Publications - Published papers

Please find below publications of our group. Currently, we list 496 papers. Some of the publications are in collaboration with the group of Sonja Prohaska and are also listed in the publication list for her individual group. Access to published papers (access) is restricted to our local network and chosen collaborators. If you have problems accessing electronic information, please let us know:

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Modeling amino acid substitution patterns in orthologous and paralogous genes

Gavin C. Conant, Günter P. Wagner, Peter F. Stadler


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Mol. Phylog. Evol. 42: 298-307 (2007)


We ask whether the relative rates of substitution between amino acid residues vary between genes. Using 10 alignments of related sequences (five of orthologous genes and 5 gene families), we indeed find that the selective constraints than shape protein evolution vary between the genes in our sample. We use two models of protein-coding gene evolution in this study. The first divides the amino acids into groups, with one substitution rate for pairs of residues in the same group and a second for those in differing groups. The second model makes substitution rates a function of the physical and chemical similarity between two residues. We also study to what degree substitution patterns vary at different points in the history of a gene or gene family. We discuss these differences by comparing the patterns seen in orthologous genes to those seen among paralogs. We find that proteins of differing function do indeed show divergent patterns of amino acid substitution, as judged by both of our models of evolution. Moreover, the differences seen can in some cases be explained in terms of the proteins function. Thus, paralogs of actin and of myosin show strong selection against substitutions which alter residue charge, which we hypothesize results from the requirement that these proteins undergo protein-protein interactions over large percentages of their surfaces. We also find that patterns of amino acid substitution vary temporally within the history of a given gene or gene family. However, it does not appear that the variation is greater in paralogous genes (which may have evolved novel functions) than in orthologous proteins (which, in our analysis, are generally limited to a single function).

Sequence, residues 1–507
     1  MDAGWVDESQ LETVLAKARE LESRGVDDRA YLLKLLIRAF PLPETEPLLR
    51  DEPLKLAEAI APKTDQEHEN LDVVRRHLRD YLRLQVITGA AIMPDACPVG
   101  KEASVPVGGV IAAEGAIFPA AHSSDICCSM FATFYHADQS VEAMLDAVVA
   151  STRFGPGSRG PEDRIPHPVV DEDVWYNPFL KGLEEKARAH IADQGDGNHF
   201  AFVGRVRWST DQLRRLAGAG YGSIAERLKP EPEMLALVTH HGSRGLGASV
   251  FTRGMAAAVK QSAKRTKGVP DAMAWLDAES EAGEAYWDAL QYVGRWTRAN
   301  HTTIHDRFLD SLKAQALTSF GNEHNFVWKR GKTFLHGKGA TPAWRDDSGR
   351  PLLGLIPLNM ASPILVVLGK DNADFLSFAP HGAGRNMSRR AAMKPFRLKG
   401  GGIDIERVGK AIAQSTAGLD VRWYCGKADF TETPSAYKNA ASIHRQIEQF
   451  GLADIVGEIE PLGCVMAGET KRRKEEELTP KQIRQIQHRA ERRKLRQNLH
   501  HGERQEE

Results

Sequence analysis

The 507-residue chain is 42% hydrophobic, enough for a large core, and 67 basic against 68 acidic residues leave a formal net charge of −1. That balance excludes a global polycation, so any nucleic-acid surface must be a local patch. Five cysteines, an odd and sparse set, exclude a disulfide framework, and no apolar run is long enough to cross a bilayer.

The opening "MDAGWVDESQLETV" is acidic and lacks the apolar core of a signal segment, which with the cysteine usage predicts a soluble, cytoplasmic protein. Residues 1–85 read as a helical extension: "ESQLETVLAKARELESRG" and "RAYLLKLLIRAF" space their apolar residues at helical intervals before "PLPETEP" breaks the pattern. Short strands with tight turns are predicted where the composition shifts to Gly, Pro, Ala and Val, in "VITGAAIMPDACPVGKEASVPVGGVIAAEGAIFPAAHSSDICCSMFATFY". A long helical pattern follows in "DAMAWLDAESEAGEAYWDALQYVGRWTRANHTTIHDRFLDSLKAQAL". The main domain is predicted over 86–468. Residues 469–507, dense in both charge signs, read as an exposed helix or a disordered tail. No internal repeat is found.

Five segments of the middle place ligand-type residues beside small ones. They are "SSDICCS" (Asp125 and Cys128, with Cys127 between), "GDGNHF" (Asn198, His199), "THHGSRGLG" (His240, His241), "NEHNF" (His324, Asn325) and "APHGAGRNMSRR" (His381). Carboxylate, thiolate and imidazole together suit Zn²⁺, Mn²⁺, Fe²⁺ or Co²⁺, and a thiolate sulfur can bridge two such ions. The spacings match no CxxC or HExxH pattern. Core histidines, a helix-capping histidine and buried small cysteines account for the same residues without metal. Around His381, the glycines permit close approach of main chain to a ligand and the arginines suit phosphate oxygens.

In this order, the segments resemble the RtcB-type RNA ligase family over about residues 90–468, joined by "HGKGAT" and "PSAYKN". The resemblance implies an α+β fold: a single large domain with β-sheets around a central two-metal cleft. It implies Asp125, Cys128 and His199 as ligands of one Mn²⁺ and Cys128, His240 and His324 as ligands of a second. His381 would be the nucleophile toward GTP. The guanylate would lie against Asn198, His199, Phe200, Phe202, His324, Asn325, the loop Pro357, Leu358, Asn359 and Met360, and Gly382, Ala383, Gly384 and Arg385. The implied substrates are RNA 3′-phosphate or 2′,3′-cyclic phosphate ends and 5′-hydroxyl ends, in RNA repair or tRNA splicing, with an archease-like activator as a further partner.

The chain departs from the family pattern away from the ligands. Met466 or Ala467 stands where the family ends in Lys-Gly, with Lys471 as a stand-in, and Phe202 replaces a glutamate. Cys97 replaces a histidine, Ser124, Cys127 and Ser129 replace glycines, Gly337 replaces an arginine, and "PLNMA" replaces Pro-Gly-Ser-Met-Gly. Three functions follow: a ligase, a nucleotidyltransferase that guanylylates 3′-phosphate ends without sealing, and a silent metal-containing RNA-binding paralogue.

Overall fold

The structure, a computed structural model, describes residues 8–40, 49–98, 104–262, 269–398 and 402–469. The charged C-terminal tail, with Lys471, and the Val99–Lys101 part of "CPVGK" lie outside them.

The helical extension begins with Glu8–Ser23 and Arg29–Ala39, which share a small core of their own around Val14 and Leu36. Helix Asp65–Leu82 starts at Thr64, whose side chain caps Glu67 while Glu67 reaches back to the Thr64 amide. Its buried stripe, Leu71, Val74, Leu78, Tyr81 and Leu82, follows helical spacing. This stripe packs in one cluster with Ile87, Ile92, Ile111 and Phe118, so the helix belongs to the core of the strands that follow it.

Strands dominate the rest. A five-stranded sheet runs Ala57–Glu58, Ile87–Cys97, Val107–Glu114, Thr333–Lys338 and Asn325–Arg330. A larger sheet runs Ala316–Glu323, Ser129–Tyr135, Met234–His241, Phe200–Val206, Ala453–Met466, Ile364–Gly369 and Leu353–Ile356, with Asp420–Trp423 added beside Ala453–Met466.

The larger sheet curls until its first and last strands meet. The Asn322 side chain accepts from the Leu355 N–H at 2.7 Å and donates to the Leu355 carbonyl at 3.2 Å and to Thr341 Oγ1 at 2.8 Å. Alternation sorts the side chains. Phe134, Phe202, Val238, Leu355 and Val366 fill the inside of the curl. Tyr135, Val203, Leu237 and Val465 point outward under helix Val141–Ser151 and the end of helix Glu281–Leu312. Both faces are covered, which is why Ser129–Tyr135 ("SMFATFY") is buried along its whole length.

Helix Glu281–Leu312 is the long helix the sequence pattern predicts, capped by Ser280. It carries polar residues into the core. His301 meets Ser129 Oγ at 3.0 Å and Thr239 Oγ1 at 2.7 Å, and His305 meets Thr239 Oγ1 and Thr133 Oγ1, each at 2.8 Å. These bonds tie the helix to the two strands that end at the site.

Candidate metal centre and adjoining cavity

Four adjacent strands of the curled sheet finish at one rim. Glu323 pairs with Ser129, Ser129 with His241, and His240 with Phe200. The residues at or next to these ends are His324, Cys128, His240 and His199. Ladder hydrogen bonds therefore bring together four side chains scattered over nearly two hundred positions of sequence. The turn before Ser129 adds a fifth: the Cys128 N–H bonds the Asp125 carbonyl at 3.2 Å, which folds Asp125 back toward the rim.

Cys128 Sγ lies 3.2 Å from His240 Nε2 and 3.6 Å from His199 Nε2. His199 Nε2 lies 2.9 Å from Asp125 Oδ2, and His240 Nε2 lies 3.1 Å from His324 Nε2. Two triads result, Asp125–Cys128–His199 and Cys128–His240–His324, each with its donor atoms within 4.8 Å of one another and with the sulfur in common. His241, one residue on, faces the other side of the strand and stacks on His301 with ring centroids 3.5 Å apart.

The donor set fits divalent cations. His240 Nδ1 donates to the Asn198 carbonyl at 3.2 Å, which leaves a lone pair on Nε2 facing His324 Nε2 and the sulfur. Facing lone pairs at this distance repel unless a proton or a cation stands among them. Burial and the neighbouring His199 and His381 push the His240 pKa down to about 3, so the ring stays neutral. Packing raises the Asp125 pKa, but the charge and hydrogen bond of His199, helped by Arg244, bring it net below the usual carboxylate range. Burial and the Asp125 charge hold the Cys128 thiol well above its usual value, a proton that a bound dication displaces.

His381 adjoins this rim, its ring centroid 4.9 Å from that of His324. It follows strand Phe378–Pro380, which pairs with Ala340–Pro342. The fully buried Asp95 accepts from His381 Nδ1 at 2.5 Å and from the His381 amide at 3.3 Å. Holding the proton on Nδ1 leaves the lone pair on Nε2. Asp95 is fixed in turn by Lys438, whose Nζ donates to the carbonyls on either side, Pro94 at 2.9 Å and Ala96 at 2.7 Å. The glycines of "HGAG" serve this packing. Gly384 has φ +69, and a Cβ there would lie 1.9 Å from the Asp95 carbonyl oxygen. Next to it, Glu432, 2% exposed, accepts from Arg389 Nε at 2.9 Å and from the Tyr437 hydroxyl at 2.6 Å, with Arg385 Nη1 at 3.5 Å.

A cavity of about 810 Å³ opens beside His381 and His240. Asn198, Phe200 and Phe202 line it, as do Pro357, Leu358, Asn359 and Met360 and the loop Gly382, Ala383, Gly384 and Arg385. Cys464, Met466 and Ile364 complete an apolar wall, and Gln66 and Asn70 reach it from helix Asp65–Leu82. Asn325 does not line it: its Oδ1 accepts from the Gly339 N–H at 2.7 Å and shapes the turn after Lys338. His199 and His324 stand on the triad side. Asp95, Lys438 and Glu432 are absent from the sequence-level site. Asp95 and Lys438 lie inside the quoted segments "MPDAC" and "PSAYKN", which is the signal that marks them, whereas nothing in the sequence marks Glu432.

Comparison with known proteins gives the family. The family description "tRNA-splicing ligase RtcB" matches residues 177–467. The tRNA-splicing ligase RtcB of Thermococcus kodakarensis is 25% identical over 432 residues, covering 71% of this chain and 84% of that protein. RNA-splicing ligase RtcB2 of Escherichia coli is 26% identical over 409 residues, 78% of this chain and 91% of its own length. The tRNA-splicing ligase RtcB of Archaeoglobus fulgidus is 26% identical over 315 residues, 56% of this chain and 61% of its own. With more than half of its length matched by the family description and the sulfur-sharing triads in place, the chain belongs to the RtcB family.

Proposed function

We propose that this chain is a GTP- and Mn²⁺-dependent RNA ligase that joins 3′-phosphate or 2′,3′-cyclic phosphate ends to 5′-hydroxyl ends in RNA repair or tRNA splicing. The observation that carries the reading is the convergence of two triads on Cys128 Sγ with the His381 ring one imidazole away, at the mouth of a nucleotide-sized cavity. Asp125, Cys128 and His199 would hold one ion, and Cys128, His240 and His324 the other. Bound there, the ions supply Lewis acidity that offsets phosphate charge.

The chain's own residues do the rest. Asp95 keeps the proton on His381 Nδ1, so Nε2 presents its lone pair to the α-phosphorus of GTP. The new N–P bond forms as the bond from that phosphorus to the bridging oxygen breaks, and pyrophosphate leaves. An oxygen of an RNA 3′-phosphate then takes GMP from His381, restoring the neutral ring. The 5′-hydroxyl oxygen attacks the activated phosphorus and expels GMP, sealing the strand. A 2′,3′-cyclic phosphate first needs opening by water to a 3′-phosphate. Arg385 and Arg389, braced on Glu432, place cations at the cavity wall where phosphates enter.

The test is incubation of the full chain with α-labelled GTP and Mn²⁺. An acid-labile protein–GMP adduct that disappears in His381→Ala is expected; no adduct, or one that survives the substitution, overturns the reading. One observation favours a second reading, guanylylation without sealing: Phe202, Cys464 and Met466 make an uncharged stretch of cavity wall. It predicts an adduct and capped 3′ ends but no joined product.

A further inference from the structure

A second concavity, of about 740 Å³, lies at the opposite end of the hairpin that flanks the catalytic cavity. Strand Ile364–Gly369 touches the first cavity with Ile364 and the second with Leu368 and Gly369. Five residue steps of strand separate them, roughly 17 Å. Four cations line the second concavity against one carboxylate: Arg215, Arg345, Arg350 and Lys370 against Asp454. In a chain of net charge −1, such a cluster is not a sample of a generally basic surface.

substitution rates, protein evolution, paralogous genes